Autumnal colour may be all about orange and gold but Bath’s Holburne Museum is currently wowing its visitors with an exhibition celebrating silver – a precious metal used through the centuries in arts and crafts.
Director, Jennifer Scott is here to tell Bath Newseum followers more about a real dazzler of a show but first l wanted to ask her if she’s noticed anything different about the museum’s front lawns on her way into work?
Silver: Light and Shade
22 October 2016 – 22 January 2017
£10 (£8.50 without donation) | £9 concessions (£7.50 without donation)
Book to accompany the exhibition written by Catrin Jones and Vanessa Brett £6.95
The Holburne Museum, Great Pulteney Street, Bath BA2 4DB
Open daily, free admission 10am to 5pm (11am to 5pm Sundays and Bank Holidays)
T: 01225 388569 | E: firstname.lastname@example.org | http://www.holburne.org
In Partnership with Bath Spa University
CLOSED 24 to 26 December and 1 January
About the Curators
Catrin Jones is Curator of Decorative Arts at the Holburne Museum in Bath. Alongside Silver: Light and Shade, she is currently working on various commissions including Linda Brothwell’s The Missing, a contemporary response to the Holburne’s collection.
Vanessa Brett is an independent scholar, historian and silver specialist. Her most recent book, Bertrand’s Toyshop in Bath: Luxury Retailing 1685–1765, published in 2014, was described by reviewers as ‘delightful and idiosyncratic’ and ‘a genuinely fresh and original contribution to social history’.
Silver: Light and Shade: Celebrating the 1916 Centenary
This exhibition is part of a series of three major exhibitions to celebrate 100 years since Sir William Holburne’s collection moved to its permanent home on Great Pulteney Street in Bath.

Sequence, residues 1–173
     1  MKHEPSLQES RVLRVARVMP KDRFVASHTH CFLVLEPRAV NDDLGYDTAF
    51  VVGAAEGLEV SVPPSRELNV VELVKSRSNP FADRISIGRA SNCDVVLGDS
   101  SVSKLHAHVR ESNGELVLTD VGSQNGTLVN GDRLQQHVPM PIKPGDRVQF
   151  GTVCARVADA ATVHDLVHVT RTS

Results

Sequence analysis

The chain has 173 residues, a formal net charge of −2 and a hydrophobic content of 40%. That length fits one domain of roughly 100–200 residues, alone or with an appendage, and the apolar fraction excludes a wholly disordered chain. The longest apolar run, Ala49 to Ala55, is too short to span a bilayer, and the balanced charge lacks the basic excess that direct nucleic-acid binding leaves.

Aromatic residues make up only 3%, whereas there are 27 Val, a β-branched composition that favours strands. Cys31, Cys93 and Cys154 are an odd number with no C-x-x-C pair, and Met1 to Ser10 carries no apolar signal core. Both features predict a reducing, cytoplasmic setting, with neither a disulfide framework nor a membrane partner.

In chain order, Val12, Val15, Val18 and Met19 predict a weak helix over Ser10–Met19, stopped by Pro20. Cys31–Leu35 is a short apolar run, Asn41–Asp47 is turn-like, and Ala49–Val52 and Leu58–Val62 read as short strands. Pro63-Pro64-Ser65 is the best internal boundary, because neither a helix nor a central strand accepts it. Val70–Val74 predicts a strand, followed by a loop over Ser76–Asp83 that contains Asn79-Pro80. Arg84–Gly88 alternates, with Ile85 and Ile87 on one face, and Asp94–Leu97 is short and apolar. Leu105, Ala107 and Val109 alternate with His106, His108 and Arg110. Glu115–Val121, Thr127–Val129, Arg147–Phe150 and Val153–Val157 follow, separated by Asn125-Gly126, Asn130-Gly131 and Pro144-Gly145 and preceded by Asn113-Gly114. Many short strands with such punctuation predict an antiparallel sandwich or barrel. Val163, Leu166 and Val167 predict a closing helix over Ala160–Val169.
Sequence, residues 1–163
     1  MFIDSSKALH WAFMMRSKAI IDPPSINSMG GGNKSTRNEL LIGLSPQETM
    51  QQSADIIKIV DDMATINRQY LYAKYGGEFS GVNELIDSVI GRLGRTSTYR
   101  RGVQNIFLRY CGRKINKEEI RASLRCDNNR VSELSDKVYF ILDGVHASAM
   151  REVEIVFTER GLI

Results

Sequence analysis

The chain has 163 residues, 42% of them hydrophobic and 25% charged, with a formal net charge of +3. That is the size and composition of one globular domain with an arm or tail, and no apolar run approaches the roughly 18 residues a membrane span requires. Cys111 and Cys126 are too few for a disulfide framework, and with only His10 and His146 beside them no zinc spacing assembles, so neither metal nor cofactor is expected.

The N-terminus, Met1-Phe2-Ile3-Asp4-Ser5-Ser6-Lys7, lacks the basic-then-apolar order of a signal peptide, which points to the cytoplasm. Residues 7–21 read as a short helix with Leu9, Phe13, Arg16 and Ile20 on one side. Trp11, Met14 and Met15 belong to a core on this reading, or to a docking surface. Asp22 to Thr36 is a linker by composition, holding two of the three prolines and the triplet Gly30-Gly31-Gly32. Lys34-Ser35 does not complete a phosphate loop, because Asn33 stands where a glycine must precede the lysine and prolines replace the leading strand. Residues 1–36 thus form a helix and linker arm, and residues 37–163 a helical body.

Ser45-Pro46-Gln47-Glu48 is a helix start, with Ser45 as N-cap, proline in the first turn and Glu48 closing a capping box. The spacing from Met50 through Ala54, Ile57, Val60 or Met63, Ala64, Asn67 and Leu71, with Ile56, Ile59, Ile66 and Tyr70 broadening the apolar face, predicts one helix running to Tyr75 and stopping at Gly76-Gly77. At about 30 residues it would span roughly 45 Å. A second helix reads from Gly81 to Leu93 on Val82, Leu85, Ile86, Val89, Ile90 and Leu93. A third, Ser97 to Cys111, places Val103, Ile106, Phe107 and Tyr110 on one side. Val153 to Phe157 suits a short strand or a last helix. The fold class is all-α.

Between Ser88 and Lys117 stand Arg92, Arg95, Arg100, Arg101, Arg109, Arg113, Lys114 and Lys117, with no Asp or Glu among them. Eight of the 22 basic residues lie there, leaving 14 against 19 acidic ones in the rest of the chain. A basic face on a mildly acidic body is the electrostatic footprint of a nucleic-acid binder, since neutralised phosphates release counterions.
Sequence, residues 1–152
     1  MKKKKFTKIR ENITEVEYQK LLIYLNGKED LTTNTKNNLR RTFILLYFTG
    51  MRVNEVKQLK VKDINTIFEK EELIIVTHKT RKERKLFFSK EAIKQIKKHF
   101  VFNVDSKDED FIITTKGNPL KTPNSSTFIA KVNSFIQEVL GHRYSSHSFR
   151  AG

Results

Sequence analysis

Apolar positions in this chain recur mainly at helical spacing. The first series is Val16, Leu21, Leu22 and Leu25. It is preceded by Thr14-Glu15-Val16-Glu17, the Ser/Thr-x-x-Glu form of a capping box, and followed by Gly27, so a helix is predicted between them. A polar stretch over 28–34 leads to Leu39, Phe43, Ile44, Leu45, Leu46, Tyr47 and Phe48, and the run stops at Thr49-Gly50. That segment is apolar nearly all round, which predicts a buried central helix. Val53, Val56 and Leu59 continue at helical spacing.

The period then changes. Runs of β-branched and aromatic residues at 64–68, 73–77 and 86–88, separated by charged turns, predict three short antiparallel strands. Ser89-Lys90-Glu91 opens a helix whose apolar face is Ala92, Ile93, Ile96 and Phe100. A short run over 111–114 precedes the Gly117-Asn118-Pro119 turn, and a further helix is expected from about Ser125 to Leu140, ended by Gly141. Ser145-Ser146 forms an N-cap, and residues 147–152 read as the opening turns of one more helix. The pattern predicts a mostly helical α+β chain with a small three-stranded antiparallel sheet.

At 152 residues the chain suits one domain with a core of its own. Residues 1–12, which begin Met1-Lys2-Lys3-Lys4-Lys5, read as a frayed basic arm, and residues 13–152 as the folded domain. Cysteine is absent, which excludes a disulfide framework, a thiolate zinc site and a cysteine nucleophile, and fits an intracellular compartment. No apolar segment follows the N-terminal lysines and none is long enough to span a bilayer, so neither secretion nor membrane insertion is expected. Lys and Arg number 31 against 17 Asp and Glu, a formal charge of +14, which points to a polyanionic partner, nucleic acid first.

And here’s the Mayor of Bath, Cllr Paul Crossley paying the exhibition a special visit. Curator of Decorative Arts, Catrin Jones, is showing him a silver gilt cup – presented to Bath by the Prince of Wales in 1738 – and loaned to the exhibition by B&NES.
The Holburne Museum first opened in 1893 in a former bank in Charlotte Street, Bath. However, the premises were too small for the collection and by 1913 the Holburne Trustees had negotiated the purchase of the Sydney Hotel and part of the surrounding Sydney Gardens. The museum opened to visitors on 6 June 1916 in its new home, converted by Reginald Blomfield. The collection, curated by George P. Dudley Wallis (1883-1977), was described the following year in The Burlington Magazine as ‘a model of arrangement for all local museums and for many larger and more valuable collections.’
2016 is a year of special celebration of the Museum and its collection. Silver is one of the great strengths of Sir William Holburne’s founding bequest. The silver on show from the permanent collection consists of grand, buffet-style displays, and smaller celebrations of intricacy and craftsmanship. Comprising rare early English pre-Civil War survivals, European and English silver-gilt for display and eighteenth-century domestic silver, the collection also includes significant groups of Dutch and German flatware and vessels from the seventeenth century. Silver: Light and Shade provides an opportunity to use Holburne’s collection as a catalyst for a wider exploration of historic and contemporary silver.